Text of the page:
Soraya Morgan

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19 replies on “Normal Avenue Neighbors Still Wary of MSU”

  1. I hate to break it to this nice lady, but this is Jersey, the Soprano state. Its doubtful that Montclair State would open up its coffers to upgrade anything. Look at the Bond House, such a disgrace. And they can’t seem to turn down anyone even if they are completely out of space to board them.
    To be quite harsh, naw, not me, Montclair residents do not see themselves as the typical college town “townies” you find in so many other environments. Those state college kids are not received with open arms here.

  2. “They’re living next to a university that’s growing by leaps and grounds.”
    Is that a coffee like speed reference?

  3. Another thing to remember is that as MSU buys up houses from the residents on Normal Avenue, the property taxes received from those houses are lost to the town forever. If they own 6 houses, and each house paid $10,000 in taxes, that is $60,000 lost every year. In addition, Montclair services such as police and fire still are still responding to emergencies in this area. This certainly adds to our ever increasing tax bill…

  4. The comments that follow these stories of MSU encroachment demonstrate that the full extent of this issue is not being grasped– not by the public and not by the town officials yet. The town is basically losing the whole northwestern end of its residential neighborhoods–a slow, painful death. And a slow, painful loss of revenue for the town and more services needed from the town to then support this public institution which only will gobble up more. I would have thought there would be more outrage.

  5. This is not right. In this economy, we can not afford for the value of our homes to continue to go down as a result of MSU’s use of our services and possession of residential homes. If we all demand a stop to this painful loss of revenue from our town and encroachment of our neighborhood, we can start the first steps toward what SMU neighbors have. There’s a meeting tonight where we can all voice our opinion about MSU:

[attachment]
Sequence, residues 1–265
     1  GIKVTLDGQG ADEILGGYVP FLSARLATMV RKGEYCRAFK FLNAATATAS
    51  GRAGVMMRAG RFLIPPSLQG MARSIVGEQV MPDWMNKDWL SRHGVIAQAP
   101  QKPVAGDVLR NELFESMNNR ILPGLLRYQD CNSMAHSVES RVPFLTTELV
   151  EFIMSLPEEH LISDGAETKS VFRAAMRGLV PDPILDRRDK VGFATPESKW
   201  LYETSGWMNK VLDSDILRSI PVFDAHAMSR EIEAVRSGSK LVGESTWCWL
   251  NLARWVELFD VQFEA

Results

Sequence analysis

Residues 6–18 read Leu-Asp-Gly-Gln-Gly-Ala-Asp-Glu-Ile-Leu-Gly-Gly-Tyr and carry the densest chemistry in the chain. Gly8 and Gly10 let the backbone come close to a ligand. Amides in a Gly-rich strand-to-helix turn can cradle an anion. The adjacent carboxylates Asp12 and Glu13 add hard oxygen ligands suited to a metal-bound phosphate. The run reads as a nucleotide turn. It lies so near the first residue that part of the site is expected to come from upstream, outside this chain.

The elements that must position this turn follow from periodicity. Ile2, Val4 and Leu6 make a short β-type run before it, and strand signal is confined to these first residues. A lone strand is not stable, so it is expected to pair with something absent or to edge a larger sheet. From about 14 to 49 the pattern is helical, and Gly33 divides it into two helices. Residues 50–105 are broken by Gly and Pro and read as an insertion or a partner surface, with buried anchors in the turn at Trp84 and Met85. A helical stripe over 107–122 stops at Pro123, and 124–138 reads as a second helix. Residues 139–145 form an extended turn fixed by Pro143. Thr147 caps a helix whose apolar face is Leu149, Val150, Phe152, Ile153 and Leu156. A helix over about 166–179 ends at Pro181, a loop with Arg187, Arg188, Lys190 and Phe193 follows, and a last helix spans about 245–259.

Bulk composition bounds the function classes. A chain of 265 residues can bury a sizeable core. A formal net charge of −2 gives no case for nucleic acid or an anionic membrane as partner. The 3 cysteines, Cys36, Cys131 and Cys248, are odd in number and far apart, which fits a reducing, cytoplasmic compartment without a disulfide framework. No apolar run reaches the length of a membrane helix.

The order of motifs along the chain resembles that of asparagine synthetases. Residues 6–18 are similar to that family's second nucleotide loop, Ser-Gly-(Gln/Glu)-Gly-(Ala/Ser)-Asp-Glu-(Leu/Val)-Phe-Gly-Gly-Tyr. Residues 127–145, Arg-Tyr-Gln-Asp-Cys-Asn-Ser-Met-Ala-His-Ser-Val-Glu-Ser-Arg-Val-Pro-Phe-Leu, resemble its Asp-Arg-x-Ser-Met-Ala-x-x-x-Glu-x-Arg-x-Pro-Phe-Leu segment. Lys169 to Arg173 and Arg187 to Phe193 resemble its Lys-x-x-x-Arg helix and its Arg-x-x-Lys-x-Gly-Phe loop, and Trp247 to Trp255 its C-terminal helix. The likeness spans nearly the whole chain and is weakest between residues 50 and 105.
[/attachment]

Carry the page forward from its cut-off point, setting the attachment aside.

6. This is not right. In this economy, we can not afford for the value of our homes to continue to go down as a result of MSU’s use of our services and possession of residential homes. If we all demand a stop to this painful loss of revenue from our town and encroachment of our neighborhood, we can start the first steps toward what SMU neighbors have. There’s a meeting tonight where we can all voice our opinion about MSU:

  7. I’m sorry Soraya Morgan, but you moved to a nuisance. College campuses are constantly undergoing construction and changing traffic patterns. Drunk students, loud parties, littering and general ugliness are things that are expected directly adjacent to the Campus.
    MSU has great programs and professors. But, sadly, no one told you that the Administration sucks. I mean, it is heinous. This is NJ bureaucratic culture at its worst.
    Fact of the matter is that the neighborhoods that are a few blocks of the university are doing just fine. They are quiet and peaceful. Quit your whining.

  8. ubuwalker31-
    Your attitude is the perfect example of the complacency that allows”NJ bureaucratic culture” to continue. When Gov. Whitman dissolved the oversight commission of NJ state colleges and Universities in 1994, we should ALL have been yelling! Now, Baristanet readers like you get to bash “the whiners” for pointing out that there have been problems and issues that are worth addressing for perhaps a possible outcome for all. I guess you live near MSU to be able to report the peace and quiet? Why then are some residents appealing their taxes winning with new values now of 75% of assessment done 2 years ago due to the University as a neighbor? Think about the bigger picture be constructive with your comments.

  9. mmm…yesterday a lacrosse ball smacked into my window! Nice!
    We also currently have a McDonald’s bag full of rotten fries, part of someone’s car, and an empty deodorant bottle in our yard!
    LOVE IT!